Dermestes murinus Linnaeus, 1758
POLYPHAGA Emery, 1886
BOSTRICHOIDEA Latreille, 1802
DERMESTINAE Latreille, 1804
Dermestes Linnaeus, 1758
Dermestinus Zhantiev, 1967
This species occurs throughout the Palaearctic region to the far east of Russia and China, in Europe it is common in warmer southern areas and extends sporadically north to the UK and above the Arctic Circle in Scandinavia, it occurs from lowland to sub-alpine latitudes and unlike many members of the genus it is infrequently associated with human dwellings. There are records of infestations among stored animal products in warehouses and it has even been found in cocoons in silkworm farms but the majority of records are from the wild where they is associated with dry carrion and avian nests and have been recorded from discarded food waste. Under artificial conditions the species may be continuously-brooded but in the wild there are one or two generations each year depending on conditions, and both adults and larvae occur throughout the year, the adults overwintering under bark etc and becoming active from early spring. Adults are strong fliers and occasionally light, they are both diurnal and nocturnal and mating occurs throughout the spring and summer, the preferred host material seems to be old and dry carrion but larvae have been recorded consuming feathers and other detritus in avian nests, and have been found among human waste. Females mate multiple times and oviposit continuously through the season, laying groups of eggs among host material or in crevices nearby. Larvae may pass through multiple instars, up to eleven, and the life cycle is rapid, under good conditions from five to seven weeks from egg to adult, they usually feed in groups and fully grown final instars seek out crevices in which to pupate, those that cannot find a suitable pupation site can delay this phase for a few weeks although the resulting adults are smaller, and those that fail to find a safe pupation site are usually cannibalized. Adults may be sampled by searching through or extracting samples of host material or by searching at night, and they occasionally appear in light or flight-interception traps.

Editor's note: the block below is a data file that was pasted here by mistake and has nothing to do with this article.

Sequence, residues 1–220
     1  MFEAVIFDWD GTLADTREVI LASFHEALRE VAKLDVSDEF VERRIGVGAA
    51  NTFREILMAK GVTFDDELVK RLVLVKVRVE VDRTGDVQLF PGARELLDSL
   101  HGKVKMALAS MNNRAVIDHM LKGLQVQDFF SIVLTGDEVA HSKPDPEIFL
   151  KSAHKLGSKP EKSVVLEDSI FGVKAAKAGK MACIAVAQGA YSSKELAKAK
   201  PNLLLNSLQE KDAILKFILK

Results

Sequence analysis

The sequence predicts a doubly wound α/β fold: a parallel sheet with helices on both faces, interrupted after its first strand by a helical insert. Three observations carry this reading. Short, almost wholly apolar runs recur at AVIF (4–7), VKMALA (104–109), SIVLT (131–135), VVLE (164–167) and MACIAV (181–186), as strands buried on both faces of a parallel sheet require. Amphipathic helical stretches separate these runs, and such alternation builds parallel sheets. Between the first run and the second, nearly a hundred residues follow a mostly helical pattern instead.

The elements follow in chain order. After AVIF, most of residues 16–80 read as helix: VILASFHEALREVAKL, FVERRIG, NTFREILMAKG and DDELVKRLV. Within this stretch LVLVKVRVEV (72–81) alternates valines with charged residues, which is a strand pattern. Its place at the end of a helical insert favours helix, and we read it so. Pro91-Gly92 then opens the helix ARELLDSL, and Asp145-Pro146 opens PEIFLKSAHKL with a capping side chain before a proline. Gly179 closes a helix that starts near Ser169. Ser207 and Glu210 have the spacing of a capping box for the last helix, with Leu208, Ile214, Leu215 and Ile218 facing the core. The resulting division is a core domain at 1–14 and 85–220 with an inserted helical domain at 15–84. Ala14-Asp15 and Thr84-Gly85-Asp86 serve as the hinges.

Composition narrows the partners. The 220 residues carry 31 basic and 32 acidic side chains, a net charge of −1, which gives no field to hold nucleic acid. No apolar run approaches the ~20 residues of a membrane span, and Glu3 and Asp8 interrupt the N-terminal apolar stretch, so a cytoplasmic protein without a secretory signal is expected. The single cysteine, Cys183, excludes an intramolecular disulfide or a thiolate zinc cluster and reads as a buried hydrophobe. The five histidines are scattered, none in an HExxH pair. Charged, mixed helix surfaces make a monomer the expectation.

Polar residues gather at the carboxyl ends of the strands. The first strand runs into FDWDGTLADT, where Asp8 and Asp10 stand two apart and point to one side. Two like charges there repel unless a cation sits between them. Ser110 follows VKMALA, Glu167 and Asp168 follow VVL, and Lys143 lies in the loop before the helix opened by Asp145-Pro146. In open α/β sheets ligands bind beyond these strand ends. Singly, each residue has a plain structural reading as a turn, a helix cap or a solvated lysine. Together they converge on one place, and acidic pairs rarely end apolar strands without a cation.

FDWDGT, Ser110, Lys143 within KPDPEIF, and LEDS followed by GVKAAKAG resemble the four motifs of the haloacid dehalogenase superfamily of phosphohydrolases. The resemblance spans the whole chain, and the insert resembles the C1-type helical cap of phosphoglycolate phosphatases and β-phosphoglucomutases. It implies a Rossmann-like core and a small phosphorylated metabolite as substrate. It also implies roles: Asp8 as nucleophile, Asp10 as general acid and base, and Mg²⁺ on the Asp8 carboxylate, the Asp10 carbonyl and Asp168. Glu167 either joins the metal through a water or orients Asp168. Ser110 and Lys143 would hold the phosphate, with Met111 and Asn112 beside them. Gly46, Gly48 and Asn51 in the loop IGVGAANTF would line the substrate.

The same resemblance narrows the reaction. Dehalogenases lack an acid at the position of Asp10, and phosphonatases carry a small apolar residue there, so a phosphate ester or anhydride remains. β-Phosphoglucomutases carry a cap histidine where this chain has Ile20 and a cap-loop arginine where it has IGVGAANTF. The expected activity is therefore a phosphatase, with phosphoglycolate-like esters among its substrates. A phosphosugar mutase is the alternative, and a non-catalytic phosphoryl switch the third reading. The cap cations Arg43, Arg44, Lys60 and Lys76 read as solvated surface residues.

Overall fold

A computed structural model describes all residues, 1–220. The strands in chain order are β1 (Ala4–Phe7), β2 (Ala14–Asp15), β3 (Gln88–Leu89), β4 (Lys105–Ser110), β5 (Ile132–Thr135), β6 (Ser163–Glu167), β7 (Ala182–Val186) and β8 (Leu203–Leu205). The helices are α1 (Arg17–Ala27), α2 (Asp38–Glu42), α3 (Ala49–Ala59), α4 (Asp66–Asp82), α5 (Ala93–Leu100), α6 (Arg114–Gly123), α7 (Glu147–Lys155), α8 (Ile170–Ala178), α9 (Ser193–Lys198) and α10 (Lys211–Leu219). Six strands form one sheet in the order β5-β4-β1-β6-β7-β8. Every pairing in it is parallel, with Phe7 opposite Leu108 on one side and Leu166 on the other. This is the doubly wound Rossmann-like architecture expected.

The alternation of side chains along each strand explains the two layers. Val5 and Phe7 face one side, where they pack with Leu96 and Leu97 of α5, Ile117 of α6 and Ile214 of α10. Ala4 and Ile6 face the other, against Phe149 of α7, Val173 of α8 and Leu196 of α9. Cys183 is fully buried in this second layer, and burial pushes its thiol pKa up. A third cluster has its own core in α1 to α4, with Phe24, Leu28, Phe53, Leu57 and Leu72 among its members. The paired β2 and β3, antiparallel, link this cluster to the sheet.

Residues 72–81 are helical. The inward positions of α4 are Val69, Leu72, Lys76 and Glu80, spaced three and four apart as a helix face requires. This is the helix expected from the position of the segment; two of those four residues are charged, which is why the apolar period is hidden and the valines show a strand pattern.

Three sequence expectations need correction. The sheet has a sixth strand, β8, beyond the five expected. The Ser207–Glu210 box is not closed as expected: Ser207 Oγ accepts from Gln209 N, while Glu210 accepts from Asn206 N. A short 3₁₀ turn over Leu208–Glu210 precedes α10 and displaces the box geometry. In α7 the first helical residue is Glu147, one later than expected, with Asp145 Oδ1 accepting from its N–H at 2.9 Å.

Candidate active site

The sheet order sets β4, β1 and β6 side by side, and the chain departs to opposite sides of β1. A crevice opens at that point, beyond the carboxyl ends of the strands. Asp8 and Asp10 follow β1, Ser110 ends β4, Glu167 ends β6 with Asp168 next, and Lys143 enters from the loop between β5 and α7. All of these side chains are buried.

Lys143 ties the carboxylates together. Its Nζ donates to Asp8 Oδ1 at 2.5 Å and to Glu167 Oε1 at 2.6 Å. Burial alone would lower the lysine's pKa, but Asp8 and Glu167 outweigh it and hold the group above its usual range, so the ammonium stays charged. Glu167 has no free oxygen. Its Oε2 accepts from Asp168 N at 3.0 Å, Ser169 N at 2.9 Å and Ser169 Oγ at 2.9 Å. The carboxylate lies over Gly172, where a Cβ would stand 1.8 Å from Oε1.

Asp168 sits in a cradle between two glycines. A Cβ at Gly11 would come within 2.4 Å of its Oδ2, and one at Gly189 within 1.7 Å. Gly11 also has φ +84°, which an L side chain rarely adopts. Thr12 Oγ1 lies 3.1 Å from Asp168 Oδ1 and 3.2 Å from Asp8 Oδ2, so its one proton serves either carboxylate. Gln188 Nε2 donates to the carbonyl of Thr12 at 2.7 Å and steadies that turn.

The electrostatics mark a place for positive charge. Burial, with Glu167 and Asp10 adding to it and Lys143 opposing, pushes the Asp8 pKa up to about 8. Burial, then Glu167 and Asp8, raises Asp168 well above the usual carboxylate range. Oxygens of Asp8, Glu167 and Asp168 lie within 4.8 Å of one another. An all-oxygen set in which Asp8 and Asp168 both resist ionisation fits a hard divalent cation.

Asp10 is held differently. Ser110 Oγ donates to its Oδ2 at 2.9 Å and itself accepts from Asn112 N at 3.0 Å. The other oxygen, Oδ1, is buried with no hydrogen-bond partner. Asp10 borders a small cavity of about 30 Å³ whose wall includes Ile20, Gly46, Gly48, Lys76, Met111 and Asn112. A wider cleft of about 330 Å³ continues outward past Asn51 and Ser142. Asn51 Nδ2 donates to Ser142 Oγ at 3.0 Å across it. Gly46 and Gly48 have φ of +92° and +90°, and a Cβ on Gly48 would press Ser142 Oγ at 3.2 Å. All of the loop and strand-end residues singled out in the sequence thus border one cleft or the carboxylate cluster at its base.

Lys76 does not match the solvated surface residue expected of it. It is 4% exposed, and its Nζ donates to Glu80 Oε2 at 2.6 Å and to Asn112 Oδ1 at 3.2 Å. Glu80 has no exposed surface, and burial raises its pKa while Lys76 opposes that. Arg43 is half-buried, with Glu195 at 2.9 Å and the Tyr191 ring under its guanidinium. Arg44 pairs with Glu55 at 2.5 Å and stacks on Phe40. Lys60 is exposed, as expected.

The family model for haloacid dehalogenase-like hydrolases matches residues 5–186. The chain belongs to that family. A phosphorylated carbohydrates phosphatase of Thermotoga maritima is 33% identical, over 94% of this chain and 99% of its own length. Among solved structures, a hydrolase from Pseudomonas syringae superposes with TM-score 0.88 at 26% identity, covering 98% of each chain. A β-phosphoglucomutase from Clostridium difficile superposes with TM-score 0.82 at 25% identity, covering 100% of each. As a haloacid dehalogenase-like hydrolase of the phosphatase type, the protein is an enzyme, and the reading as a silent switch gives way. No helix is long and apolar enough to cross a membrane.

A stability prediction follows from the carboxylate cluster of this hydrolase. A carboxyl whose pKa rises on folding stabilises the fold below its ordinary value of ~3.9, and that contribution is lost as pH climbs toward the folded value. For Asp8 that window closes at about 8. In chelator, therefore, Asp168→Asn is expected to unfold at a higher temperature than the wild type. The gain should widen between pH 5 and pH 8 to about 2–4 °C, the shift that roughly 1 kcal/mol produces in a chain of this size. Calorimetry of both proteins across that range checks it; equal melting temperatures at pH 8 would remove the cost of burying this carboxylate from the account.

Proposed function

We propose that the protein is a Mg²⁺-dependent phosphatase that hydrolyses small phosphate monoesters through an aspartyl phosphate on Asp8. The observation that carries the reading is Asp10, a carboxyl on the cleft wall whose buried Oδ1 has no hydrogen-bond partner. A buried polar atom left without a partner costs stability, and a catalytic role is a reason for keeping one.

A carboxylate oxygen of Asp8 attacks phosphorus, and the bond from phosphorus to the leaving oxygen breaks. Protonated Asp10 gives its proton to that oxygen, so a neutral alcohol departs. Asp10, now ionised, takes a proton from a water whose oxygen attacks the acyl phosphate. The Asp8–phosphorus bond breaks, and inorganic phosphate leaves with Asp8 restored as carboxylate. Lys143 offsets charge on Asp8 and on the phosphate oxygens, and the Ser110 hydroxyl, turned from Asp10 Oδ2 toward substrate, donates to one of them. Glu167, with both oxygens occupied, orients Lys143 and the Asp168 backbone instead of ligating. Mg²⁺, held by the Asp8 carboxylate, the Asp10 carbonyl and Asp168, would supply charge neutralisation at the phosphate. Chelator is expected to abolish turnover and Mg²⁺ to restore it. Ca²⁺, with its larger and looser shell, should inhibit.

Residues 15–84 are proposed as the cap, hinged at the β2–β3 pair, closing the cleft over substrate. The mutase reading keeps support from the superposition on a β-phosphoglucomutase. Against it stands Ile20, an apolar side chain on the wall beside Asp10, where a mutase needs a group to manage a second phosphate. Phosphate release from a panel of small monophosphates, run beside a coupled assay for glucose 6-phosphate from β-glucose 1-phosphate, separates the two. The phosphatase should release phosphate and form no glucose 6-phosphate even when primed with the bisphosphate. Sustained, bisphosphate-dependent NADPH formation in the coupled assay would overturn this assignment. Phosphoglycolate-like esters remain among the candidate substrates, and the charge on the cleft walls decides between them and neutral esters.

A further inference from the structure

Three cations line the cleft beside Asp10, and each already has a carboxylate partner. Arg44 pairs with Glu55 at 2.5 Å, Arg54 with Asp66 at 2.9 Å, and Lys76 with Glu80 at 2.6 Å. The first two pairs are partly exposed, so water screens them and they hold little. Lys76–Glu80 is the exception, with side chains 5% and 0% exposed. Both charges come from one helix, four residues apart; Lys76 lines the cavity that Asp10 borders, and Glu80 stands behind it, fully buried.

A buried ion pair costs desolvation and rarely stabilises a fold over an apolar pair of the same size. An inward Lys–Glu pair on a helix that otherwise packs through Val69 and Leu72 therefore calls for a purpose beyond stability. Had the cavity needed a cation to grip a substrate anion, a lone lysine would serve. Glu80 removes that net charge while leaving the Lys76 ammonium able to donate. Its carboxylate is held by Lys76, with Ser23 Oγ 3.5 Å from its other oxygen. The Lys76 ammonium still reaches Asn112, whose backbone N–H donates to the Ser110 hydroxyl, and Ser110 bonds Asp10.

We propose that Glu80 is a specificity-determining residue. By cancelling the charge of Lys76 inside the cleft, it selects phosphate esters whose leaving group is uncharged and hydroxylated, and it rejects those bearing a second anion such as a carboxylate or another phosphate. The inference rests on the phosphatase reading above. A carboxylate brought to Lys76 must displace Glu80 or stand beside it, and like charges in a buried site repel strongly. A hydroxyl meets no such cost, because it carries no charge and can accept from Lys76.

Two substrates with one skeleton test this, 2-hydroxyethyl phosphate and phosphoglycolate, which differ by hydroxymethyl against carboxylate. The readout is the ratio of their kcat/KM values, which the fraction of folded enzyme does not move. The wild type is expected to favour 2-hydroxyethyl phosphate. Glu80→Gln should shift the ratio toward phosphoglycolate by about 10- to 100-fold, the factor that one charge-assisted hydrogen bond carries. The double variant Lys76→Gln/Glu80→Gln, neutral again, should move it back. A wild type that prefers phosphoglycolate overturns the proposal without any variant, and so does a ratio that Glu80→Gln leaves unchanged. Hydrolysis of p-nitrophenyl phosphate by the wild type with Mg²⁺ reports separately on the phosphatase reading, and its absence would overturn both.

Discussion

7-9 mm. Readily identified by the colour and distribution of the dorsal pubescence. Elongate and rather parallel-sided, entirely black or dark grey with unevenly distributed dark and pale decumbent pubescence which forms irregular transverse patterns across the elytra and patches of golden pubescence on the pronotum, scutellum and often also the elytral humeri, abdomen with extensive dense white pubescence which conceals the cuticle in places. Head with large convex eyes and short, slightly converging temples, evenly convex and densely pubescent above, antennae black but sometimes with the funiculus dark brown, basal segment long and broad, second segment large and quadrate or nearly so, 3-8 smaller and mostly transverse, 9-11 form a large asymmetric club. Pronotum transverse, widest near the base and curved laterally to a narrow anterior margin, posterior angles acute and slightly produced, basal margin straight medially and strongly curved towards the angles, surface with broad basal fovea, weakly convex and rather densely punctured throughout. Elytra broadest behind the middle, with rounded shoulders and a continuously-curved apical margin, surface densely punctured and without striae. Legs long and robust with femora only narrowly visible in normal setting, front tibiae broad and with a strong apical spur, middle and hind tibiae slender and with small apical spur. Tarsi 5-segmented, basal segments weakly lobed ventrally, terminal segment long and curved. Males may be distinguished by having a tuft of pale setae at the centre of the third and fourth abdominal ventrites.